Boiled down, the economic collapse eroded my income to a point where I couldn't pay my mortgage -- or my second mortgage -- or my car payments, and so forth. It also meant I couldn't pay back my business loans, which led to a roundelay of predictably obnoxious creditor phone calls around the clock. Actually, "obnoxious" is a vast understatement. One bill collector from Citizen's Bank called me while I was Christmas shopping, circa 2008, and told me they could enter my home and take anything they want. My response? "No you can't. Goodbye." But, of course, I didn't know for sure, hence, I suffered a minor panic attack while standing outside a Spencer's Gifts at the mall. 

And this happened a lot. The panic, especially. Every night at around 3 a.m., like clockwork, I'd suddenly awaken -- racked with world-ending anxiety over my worsening financial situation. For a solid five or six months, I legitimately suffered from 3 a.m. panic attacks -- made even worse after I was hit by a car while bike riding; fracturing one of my vertebra, which resulted in chronic pain, often flaring up during that lonely, horrifying 3 a.m. block of time.

Left without any other options, I chose to file for bankruptcy. Fuck everything, I needed out, and this was the only way to absolve what amounted to roughly half-a-million dollars in debt, including my house, but mostly from my business.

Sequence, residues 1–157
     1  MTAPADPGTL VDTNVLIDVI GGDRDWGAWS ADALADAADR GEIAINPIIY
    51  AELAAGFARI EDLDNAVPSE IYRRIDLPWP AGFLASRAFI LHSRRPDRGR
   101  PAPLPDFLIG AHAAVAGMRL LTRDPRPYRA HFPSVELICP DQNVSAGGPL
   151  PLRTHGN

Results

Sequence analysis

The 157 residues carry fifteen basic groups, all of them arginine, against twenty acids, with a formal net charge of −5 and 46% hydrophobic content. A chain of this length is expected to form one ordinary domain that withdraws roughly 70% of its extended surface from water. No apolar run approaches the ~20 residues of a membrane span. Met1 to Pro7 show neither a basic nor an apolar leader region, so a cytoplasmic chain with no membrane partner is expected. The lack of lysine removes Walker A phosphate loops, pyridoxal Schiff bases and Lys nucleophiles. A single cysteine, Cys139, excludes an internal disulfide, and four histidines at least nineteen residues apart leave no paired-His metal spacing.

Fast forward several years. 

Until around 2012, I was terrified to look at my credit score. Between the Chapter 7, the foreclosure of my house, an IRS tax lien, and all of those lapsed loan payments, there was a solid chance my credit report was a hellscape of financial ruin. At its highest, my FICO credit score was something like 840. I predicted my score, post-Recession, was closer to, I don't know, four? But the urge to rebuild my credit rating outweighed my trepidation, so I found my way to a free credit score website called Credit Karma.

At the time, Credit Karma only featured information from one of the three credit reporting agencies, TransUnion. Through Credit Karma, I could access my TransUnion score at any time, totally for free. And while my score wasn't good, it wasn't nearly as horrible as I thought it'd be. Let's just say it was in the very low six-hundreds. Since then, Credit Karma has added another credit agency to its service: Equifax. Meanwhile, I signed up for a monthly subscription to my Experian report, rounding out all three credit agencies, TransUnion, Experian and shitty, shitty Equifax. We'll circle back to the "shitty, shitty" reference momentarily.

What I discovered, almost from the outset, was that it's all a big corporate scam in which three unaccountable corporate entities have the undeserved power to dictate our financial futures. Most of us don't know how badly they're screwing us -- and they really, really are.

Not too long ago, back in 2013, 60 Minutes aired the results of an investigation of the credit reporting agencies. Here's the upshot:

  • Credit reporting is a $4,000,000,000 a year industry.